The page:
But our society and culture have coarsened and been polarized 10 times over from when The Odd Couple played there in ‘68. The hit movies of that year were in addition to that film 2001, Lion in Winter and Funny Girl. Today they are Passion of the Christ, Farenheit 9/11, and Spiderman. Read it and weep.

Will Dunklin
Will Dunklin on July 16, 2004 at 5:17 am

Can we really fault the 1960’s – ‘70’s Music Hall management for insisting on “G” rated films even at the expense of profit? Certainly the result was the decline and near failure of the “Showplace of the Nation,” but they were actually trying to uphold a standard. In the face of a cultural and business shift RCMH seems to have tried to keep to the high road. It’s more than I can say for the managers who chopped their halls into mulit-plexes, went to porno or tore the halls down.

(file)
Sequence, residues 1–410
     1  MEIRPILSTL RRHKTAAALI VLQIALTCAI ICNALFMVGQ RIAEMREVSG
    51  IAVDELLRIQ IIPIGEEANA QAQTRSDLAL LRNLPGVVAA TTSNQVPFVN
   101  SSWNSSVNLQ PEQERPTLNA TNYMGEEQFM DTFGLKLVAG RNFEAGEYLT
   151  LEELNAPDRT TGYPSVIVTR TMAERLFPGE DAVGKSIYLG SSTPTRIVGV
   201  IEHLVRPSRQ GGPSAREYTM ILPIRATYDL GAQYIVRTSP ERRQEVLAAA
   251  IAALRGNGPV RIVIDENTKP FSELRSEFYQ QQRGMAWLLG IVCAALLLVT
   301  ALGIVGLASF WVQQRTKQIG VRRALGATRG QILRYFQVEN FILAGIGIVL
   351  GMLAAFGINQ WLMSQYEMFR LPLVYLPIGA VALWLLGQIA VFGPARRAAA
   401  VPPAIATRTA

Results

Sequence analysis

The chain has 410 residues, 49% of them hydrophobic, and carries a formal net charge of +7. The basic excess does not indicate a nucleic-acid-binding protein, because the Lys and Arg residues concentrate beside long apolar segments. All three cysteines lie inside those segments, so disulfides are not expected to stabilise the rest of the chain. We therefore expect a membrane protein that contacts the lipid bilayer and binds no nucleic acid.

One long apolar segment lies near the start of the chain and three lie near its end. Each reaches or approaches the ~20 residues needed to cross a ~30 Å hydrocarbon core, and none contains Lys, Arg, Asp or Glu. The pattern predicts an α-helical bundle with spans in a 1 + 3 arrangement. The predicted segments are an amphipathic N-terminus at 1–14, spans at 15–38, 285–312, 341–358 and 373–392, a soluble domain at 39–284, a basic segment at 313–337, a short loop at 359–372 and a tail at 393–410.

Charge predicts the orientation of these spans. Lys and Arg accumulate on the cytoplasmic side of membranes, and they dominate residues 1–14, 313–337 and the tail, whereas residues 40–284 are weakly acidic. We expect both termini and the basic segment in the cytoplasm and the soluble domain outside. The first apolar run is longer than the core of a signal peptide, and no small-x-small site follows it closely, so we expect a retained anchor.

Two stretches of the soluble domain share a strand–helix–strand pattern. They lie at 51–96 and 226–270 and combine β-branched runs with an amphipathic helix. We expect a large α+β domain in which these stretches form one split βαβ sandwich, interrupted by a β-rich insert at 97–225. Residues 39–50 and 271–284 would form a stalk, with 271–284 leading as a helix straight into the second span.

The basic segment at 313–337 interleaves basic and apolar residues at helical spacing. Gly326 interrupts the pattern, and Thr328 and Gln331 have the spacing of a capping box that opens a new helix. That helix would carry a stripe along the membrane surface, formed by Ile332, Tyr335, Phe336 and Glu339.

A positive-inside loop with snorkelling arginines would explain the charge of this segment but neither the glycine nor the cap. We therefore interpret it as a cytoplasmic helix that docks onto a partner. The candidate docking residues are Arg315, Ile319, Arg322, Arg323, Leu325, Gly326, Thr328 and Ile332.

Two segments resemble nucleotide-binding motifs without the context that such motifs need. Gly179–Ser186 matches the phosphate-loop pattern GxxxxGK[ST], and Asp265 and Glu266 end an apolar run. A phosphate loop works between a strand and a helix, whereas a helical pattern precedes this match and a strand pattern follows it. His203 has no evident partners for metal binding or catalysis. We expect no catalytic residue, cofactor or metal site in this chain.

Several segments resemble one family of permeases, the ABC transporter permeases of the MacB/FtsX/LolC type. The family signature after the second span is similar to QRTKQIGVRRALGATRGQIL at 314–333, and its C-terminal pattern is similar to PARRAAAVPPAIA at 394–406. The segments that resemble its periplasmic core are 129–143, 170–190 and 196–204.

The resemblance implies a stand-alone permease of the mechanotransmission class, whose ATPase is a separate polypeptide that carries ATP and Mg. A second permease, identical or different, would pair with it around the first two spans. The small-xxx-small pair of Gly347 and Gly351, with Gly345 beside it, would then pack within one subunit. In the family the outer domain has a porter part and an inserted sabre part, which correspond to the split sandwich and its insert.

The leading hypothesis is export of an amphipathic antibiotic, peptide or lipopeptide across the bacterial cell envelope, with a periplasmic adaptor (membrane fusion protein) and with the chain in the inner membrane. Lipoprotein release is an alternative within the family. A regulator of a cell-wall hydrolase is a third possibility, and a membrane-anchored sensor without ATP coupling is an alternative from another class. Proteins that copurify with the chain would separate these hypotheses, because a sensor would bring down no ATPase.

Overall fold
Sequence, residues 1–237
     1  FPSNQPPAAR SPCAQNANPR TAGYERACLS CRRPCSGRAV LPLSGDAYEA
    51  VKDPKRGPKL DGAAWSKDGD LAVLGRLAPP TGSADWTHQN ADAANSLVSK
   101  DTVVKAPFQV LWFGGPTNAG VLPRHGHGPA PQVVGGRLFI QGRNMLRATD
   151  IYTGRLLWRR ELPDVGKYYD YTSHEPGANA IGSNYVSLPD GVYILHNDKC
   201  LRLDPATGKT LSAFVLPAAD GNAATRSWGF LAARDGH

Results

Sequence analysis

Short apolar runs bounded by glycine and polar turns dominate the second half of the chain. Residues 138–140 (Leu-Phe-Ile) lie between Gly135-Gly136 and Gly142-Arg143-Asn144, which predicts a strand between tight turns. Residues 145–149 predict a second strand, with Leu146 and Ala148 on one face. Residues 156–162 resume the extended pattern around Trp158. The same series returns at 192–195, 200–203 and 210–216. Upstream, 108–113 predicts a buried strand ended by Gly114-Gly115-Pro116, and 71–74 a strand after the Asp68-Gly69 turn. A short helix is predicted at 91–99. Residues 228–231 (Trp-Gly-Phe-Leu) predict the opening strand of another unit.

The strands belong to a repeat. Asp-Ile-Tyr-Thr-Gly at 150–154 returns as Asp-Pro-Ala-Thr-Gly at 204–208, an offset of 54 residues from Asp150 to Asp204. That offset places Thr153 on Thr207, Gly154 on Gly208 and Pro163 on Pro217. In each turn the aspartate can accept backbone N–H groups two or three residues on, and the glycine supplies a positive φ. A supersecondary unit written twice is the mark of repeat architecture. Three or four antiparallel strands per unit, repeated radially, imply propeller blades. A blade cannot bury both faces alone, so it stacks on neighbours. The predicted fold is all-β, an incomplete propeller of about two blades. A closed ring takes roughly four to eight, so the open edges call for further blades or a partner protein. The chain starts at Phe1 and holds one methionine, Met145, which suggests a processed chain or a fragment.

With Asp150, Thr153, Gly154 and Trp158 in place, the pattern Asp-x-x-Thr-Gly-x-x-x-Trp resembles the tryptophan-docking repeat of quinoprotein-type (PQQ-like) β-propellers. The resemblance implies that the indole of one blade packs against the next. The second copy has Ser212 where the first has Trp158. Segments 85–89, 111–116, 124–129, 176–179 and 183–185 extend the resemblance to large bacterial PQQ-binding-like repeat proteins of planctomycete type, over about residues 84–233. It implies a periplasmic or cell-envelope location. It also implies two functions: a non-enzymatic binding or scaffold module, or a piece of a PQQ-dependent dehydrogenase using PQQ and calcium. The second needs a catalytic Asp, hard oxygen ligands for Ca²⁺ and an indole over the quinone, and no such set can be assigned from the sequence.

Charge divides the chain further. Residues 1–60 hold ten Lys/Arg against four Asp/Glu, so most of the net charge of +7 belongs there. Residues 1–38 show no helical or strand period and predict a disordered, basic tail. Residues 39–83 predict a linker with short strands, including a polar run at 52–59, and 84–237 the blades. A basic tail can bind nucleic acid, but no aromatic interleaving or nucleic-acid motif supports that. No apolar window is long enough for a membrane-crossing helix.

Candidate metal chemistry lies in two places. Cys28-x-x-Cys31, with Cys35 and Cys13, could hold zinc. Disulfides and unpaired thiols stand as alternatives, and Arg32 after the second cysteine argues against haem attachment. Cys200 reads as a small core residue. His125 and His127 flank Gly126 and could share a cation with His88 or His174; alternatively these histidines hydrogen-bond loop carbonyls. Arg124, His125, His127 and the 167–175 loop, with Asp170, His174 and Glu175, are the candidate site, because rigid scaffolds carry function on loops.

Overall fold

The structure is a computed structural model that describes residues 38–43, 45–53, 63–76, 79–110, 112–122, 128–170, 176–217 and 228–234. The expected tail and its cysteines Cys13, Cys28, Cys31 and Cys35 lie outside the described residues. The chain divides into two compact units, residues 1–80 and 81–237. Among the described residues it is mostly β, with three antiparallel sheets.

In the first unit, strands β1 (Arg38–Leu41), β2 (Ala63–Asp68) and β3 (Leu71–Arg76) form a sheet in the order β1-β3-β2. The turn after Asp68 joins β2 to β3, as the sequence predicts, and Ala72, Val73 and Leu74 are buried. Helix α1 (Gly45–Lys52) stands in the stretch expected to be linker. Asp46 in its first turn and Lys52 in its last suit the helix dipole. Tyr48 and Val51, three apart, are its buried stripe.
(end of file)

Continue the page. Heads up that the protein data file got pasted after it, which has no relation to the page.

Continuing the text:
All of the super-palace class theaters (think Chicago’s Uptown, Paradise, Marbro, New York’s Capitol, Roxy, Center and many more) were financial balacing acts. We all held our breath when the Music Hall’s future hung in that balance. RCMH, for all its lack of vision in production at least remains intact, doors open and protected from demolition. If the Christmas shows pander to a specific audience AND pay the bills to keep the greatest theater ever built open, I for one won’t complain too much. As long as the hall stands, there’s hope that someday, some brilliant showman will come along who can draw the thousands necessary to make the money to pay the orchestra, the organists, the ballet, the Rockettes, the ushers, the engineers, the stage hands, the projectionists, the costumers, the choreographers, the publicists and everyone else it takes to create magnificent, wonderful, outlandish spectacle at “popular” prices.

I remain optimistic.